I do think that looking back historically over the last 50 years or so from the time of the sexual revolution on, I mean certainly HIV and AIDS was a big trauma, a bit of a changing point for general feelings about sexuality. I see that in my students. They are so much more fearful and suspicious of sex than people were when I was growing up, so I definitely think that the kind of sex education that people get has something to do with it. To some degree it’s justified caution but it really infiltrates what they think sex is and I think how it feels for them. So that’s one thing.
But I think also in terms of American feminism, the anti-pornography movement and the focus on rape and the connection between the two, so that rape always seemed to be for a lot of women the culmination of male sexuality…that slippery slope sort of narrative that comes from both those sites, the historical facts both from HIV and AIDS and from pornography, there’s something catastrophic I think that started to hover around the whole fear of sexuality for women.
It’s strange because we’re so permeated by sexual imagery and content and everybody is acting like, ‘Ow, he touched my knee!’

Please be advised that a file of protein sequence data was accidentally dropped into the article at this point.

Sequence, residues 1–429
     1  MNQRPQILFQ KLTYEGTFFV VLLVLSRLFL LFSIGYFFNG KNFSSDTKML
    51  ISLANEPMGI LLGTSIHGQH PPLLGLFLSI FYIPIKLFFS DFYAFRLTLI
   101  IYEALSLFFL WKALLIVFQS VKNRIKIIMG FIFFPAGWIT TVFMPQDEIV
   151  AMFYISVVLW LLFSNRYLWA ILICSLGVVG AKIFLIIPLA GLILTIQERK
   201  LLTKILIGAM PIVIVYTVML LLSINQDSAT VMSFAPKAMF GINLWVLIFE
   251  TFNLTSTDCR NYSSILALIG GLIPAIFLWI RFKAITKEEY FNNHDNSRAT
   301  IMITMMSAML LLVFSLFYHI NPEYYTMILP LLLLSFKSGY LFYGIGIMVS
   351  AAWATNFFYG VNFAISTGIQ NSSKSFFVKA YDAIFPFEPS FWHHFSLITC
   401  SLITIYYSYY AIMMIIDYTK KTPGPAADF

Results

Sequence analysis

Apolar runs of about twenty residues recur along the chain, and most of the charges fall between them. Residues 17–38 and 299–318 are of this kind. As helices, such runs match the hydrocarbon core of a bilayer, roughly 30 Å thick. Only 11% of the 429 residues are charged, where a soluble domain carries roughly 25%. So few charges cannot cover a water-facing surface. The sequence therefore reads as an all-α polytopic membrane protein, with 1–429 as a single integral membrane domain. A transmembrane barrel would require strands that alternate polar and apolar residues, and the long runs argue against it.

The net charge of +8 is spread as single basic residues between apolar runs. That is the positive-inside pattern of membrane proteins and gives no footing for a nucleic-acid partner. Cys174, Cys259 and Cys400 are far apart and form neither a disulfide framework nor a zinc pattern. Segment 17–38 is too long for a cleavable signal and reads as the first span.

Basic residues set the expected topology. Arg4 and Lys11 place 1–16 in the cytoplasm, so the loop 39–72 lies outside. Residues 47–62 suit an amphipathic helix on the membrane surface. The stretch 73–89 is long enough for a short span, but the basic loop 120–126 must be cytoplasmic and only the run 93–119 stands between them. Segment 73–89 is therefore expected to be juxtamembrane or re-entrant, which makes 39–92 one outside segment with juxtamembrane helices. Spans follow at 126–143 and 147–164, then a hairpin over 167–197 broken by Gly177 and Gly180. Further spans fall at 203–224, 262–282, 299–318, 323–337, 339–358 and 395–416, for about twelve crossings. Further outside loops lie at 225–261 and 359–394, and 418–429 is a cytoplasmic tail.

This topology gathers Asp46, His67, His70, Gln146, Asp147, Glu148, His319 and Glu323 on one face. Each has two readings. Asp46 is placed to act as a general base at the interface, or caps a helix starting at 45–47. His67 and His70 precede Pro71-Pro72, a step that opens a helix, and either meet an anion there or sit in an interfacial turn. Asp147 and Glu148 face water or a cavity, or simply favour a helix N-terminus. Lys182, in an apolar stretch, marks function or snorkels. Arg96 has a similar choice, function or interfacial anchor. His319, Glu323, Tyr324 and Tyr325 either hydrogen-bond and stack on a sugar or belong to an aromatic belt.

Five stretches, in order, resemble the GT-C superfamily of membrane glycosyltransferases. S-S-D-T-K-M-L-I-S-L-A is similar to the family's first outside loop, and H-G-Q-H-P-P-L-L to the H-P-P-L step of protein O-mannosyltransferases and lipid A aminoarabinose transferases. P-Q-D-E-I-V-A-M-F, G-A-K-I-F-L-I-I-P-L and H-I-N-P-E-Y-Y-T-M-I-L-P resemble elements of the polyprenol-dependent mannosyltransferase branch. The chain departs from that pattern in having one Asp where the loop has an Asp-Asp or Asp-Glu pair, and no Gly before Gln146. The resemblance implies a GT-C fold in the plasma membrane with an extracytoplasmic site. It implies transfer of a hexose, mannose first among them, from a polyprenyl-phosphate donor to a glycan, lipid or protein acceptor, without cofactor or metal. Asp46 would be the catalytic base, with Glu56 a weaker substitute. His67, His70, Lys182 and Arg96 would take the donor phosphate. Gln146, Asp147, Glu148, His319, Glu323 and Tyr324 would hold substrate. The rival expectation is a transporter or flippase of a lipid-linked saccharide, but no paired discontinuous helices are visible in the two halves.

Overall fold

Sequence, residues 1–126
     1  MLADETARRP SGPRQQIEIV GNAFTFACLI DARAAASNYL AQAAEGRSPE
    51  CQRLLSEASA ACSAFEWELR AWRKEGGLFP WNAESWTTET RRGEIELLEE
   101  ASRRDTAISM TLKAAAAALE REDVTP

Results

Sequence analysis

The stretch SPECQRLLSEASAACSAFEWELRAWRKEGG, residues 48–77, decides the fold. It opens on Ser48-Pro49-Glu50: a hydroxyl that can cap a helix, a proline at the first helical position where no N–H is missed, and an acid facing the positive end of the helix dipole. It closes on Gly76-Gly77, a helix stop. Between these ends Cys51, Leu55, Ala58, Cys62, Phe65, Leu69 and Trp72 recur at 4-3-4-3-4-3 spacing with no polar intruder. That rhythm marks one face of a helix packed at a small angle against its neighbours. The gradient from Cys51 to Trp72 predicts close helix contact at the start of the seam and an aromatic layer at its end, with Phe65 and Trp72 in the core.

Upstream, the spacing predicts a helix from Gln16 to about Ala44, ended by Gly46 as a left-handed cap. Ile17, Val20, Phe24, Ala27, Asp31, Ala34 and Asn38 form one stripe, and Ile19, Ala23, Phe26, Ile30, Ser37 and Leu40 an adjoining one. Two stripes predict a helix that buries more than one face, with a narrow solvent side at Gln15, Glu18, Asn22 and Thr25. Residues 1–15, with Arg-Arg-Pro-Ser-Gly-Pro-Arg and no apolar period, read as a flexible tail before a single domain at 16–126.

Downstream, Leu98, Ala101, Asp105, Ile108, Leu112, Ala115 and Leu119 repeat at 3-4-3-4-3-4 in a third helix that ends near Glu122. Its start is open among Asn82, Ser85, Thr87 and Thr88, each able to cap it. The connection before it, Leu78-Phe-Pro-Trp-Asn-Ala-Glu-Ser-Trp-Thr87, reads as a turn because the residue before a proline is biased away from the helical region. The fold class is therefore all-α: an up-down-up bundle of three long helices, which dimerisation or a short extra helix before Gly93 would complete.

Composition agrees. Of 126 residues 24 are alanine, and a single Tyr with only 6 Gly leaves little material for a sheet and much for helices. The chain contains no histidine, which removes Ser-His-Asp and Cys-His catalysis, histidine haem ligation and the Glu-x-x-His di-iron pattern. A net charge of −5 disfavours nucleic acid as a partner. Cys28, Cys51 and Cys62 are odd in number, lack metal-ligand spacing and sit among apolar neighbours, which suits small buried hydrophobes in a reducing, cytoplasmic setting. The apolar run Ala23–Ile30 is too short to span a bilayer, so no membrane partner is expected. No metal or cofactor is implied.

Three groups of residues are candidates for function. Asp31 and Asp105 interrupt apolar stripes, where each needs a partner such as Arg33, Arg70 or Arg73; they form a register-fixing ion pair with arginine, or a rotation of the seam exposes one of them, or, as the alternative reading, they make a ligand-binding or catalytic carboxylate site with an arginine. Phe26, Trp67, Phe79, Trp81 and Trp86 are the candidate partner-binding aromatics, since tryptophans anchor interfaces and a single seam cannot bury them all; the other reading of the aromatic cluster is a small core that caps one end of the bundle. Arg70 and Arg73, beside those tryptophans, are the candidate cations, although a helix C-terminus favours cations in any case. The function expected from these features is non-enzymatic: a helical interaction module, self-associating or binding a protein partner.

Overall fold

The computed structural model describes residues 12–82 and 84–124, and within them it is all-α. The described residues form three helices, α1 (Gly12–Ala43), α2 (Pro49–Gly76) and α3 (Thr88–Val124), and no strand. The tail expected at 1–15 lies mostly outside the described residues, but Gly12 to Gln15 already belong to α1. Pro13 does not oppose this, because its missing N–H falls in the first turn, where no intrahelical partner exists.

It’s very schizophrenic. I think the whole culture is very schizophrenic. Because then you’ve got women going around and acting like porn stars and feeling like they get something back from the world on that basis. It’s like women’s culture is very split on these lines too.
One of the things I took away from the collection was how little we understand not just male behaviour but human behaviour. How can it be that men remain such foreign territory to us at this point in time? And what does that say about our capacity for self-knowledge, too?
That’s a pretty huge question. There’s this backdrop of demographic and social change obviously in gender roles, in economic roles, all of that is in the background and the dust still hasn’t settled…
But I also think for heterosexual women there’s this real conflict between wanting a man and everything a man represents, whether it’s commitment or the potential to have children with a man, or love—all of these huge important things—and I still think for a lot of women there’s a sense of incompletion if there’s not a man in your life.